Tuesday, November 12, 2019
The Tragic Impermanence of Youth in Robert Frosts Nothing Gold Can Sta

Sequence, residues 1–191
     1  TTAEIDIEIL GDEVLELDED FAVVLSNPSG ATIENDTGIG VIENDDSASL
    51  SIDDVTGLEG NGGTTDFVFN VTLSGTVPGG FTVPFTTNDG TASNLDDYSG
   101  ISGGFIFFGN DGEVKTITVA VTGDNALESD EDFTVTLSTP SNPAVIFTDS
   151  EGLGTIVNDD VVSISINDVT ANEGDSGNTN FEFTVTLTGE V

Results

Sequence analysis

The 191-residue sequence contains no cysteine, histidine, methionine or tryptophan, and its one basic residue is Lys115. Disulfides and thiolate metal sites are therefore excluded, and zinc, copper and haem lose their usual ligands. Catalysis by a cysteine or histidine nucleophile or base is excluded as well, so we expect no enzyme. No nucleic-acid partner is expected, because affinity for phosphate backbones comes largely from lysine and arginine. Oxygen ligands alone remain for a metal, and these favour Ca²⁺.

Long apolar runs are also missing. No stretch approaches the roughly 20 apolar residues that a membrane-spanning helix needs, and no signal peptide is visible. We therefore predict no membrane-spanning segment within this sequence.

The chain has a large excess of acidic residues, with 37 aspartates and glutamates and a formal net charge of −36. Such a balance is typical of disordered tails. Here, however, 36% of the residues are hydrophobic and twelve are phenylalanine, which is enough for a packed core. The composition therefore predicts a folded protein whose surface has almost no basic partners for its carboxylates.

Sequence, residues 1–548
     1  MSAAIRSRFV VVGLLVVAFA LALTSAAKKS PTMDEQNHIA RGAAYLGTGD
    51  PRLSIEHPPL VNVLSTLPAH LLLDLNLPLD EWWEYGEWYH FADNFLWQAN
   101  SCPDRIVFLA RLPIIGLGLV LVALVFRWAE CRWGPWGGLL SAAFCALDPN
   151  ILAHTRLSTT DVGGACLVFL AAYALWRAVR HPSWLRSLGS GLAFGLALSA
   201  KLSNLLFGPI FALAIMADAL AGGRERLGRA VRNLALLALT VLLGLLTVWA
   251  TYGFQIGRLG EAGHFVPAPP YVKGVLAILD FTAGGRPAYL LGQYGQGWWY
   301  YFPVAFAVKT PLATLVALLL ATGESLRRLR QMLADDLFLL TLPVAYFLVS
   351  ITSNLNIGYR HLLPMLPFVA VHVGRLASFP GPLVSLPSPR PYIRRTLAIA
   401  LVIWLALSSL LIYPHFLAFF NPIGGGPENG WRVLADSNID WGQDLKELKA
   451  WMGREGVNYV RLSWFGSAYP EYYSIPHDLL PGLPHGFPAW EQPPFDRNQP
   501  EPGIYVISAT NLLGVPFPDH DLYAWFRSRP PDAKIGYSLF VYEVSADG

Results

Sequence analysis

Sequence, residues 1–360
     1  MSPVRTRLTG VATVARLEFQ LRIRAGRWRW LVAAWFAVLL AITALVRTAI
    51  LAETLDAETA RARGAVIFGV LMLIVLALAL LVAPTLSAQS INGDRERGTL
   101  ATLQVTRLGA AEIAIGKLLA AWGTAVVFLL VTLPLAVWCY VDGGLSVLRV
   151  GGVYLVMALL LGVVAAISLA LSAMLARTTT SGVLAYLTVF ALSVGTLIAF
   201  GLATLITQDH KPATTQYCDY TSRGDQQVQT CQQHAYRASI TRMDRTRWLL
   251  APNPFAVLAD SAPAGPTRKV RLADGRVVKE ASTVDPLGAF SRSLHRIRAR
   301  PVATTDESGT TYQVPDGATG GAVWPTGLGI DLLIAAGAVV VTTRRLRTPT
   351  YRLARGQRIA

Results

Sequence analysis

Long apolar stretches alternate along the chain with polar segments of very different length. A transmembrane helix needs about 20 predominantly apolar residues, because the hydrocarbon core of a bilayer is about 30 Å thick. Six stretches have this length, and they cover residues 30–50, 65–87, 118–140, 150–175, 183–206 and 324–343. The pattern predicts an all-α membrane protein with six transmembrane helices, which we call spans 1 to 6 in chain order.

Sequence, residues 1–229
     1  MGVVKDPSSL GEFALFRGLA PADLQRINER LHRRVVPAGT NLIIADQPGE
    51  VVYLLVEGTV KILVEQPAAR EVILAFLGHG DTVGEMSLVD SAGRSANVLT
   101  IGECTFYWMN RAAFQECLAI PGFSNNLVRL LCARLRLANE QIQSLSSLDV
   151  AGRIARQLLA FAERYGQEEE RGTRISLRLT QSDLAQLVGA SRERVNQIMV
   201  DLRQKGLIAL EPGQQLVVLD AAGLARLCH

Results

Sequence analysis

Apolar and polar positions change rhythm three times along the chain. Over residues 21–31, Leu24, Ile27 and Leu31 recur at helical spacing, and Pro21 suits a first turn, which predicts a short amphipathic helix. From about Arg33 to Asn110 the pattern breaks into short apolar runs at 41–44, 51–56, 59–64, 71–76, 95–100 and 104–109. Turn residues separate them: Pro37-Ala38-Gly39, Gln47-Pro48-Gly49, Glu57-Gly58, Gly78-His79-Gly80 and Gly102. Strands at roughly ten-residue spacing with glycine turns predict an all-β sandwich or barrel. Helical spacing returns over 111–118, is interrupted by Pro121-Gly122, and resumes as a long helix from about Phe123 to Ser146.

The Tragic Impermanence of Youth in Robert Frost's Nothing Gold Can Stay In his poem "Nothing Gold can Stay", Robert Frost names youth and its attributes as invaluable. Using nature as an example, Frost relates the earliest green of a newborn plant to gold; its first leaves are equated with flowers. However, to hold something as fleeting as youth in the highest of esteems is to set one's self up for tragedy. The laws of the Universe cast the glories of youth into an unquestionable state of impermanence. It is an inescapable fact that all that is born, pure and clean, will be polluted with age and die. The aging process that Frost describes is meant to be taken literally as well as metaphorically. Literally, the plants that Frost describes are an example of this nonexclusive law of aging. This prooving through common natural phenomenom the tangible and scientific merit of the poem. There is also a spiritual understanding. Frost uses a religious allusion to further enforce the objective of the poem.Whether Frost's argument is proven in a religious or scient ific forum, it is nonetheless true. In directly citing these natural occurrences from inanimate, organic things such as plants, he also indirectly addresses the phenomena of aging in humans, in both physical and spiritual respects. Literally, this is a poem discribing the seasons. Frosts interpertation of the seasons is original in the fact that it is not only autumn that causes him grief, but summer. Spring is portrayed as painfully quick in its retirement; "Her early leaf's a flower,/ But only so an hour.". Most would associate summer as a season brimming with life, perhaps the realization of what was began in spring. As Frost preceives it however, from the moment spring... ...f impurity. In Christianity it is called sin. The fact that pollution of the soul is a concept in religion the world over is a testament to the Universal nature of Frosts argument. Frost's poem addresses the tragic transitory nature of living things; from the moment of conception, we are ever-striding towards death. Frost offers no remedy for the universal illness of aging; no solution to the fact that the glory of youth lasts only a moment. He merely commits to writing a deliberation of what he understands to be a reality, however tragic. The affliction of dissatisfaction that Frost suffers from cannot be treated in any tangible way. Frost's response is to refuse to silently buckle to the seemingly sadistic ways of the world. He attacks the culprit of aging the only way one can attack the enigmatic forces of the universe, by naming it as the tragedy that it is.